The Middle East is mostly desert. Water has been a source for conflict for millennia and the situation is only expected to worsen as climate change accelerates desertification in North Africa and the Levant. This process has already begun, while population growth helps deplete natural aquifers. Among the causes of the Six-Day War between Israel and its neighbors was conflict over water sources in the Golan. And some believe the civil war in Syria was triggered less by the despotic regime and more by thirst-driven despair and migration to the cities, which just caused more unrest.
Starting in the 2000s, Israel began to develop a massive desalination industry, which makes seawater potable. With plants along the Mediterranean coast, Israel is no longer dependent on water from rain and Lake Kinneret.
Jordan could not follow suit. Rainfall has been scarce there as well, but it doesn’t have a long coastline on which it can build a series of desalination plants. Meanwhile, its population has been exploding not only through natural proliferation but due to the influx of hundreds of thousands of refugees from war-torn Syria. Flocking to Jordan, they have brought the water demand to breaking point, literally.
There are areas in Jordan near the Syrian border where water is available only once a week. In the capital of Amman, water tanks on rooftops, replenished by rain, help alleviate the frequent interruption in the water supply but cannot always be relied upon.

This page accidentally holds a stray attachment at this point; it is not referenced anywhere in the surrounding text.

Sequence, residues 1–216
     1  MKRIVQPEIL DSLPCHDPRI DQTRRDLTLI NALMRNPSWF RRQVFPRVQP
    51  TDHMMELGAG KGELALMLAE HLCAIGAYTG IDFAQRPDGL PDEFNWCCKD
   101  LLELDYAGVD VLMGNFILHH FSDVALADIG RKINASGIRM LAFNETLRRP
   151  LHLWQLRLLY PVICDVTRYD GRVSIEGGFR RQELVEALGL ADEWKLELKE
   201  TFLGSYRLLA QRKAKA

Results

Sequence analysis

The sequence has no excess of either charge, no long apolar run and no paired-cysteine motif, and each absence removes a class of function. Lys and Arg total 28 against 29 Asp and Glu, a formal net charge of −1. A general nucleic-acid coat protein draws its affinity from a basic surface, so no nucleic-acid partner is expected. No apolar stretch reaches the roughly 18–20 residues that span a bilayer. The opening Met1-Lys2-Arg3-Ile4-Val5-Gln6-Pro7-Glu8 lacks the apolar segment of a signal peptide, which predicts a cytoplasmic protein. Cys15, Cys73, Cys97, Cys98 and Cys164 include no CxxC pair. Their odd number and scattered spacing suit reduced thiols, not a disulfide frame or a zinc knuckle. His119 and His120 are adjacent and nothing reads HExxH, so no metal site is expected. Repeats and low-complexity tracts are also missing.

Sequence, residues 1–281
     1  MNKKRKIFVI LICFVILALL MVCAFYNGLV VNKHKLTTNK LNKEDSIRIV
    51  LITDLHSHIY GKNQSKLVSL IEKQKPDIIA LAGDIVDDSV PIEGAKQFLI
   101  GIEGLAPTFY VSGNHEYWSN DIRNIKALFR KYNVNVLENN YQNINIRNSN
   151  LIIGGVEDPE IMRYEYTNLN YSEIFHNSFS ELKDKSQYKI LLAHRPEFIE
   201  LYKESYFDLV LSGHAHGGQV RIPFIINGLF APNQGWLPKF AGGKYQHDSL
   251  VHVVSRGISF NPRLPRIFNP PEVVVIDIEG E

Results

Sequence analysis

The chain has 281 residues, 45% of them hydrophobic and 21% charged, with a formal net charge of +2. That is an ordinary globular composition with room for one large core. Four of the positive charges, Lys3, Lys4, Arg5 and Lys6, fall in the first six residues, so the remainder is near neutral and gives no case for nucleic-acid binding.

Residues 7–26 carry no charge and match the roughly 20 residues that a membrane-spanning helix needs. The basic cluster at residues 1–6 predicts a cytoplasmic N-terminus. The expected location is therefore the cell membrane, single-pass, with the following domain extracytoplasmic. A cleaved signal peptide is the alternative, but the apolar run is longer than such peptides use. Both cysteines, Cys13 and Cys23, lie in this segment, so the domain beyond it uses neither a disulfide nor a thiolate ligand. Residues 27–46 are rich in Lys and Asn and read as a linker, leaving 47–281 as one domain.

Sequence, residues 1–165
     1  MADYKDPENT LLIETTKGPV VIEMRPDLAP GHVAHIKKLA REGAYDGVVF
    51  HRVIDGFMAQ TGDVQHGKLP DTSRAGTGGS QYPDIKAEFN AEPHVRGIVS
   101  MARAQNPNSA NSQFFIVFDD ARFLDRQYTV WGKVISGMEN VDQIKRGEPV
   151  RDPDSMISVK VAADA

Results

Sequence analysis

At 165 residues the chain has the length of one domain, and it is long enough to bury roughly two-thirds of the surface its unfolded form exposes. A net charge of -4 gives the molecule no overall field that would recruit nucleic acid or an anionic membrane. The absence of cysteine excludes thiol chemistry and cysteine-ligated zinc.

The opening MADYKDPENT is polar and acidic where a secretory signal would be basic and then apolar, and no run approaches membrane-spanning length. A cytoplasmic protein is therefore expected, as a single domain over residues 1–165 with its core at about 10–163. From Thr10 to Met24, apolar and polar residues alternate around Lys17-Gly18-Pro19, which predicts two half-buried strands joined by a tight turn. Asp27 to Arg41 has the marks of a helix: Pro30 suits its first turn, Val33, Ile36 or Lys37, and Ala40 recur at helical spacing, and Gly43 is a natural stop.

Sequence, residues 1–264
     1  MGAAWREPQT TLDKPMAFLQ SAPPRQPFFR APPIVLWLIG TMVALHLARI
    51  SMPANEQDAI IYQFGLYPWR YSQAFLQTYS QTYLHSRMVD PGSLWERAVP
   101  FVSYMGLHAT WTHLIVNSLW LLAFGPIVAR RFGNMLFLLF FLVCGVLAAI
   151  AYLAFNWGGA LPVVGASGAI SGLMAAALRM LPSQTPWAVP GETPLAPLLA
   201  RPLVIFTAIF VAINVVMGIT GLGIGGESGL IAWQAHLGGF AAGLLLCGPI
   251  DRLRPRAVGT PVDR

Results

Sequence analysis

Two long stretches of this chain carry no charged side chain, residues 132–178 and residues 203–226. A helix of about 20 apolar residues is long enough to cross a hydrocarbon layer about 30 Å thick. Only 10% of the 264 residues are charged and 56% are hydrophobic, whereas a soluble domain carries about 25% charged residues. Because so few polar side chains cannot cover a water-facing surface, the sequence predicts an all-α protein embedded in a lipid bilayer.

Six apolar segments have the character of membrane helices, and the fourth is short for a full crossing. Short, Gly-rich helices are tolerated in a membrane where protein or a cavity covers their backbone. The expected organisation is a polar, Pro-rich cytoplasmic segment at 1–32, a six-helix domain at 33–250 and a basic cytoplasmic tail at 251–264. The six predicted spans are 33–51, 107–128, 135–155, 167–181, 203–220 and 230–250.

Jordan is behind the project to build a huge desalination plant at its only coastal outlet, Aqaba, on the Red Sea. It would transport the hypersaline brine produced in the desalination process, mixed with some seawater (for chiefly technical reasons — including that brine alone would be too heavy for a pipeline), northward to replenish the dying Dead Sea.
The World Bank liked the idea and put up money for a feasibility study. Prominent Israeli scientists were consulted and in 2011 it published a 348-page report. Despite some serious qualms, the World Bank study group recommended implementing “The Red Sea Dead Sea Water Conveyance Project,” later nicknamed “Red/Dead.”
A lake as a luxury
This doesn’t mean the doubts don’t still abound. First, no amount of water we could humanly transport from the Red Sea will be enough to raise the Dead Sea level to what it once was. In the best-case scenario it will slow down its decline, some scientists say.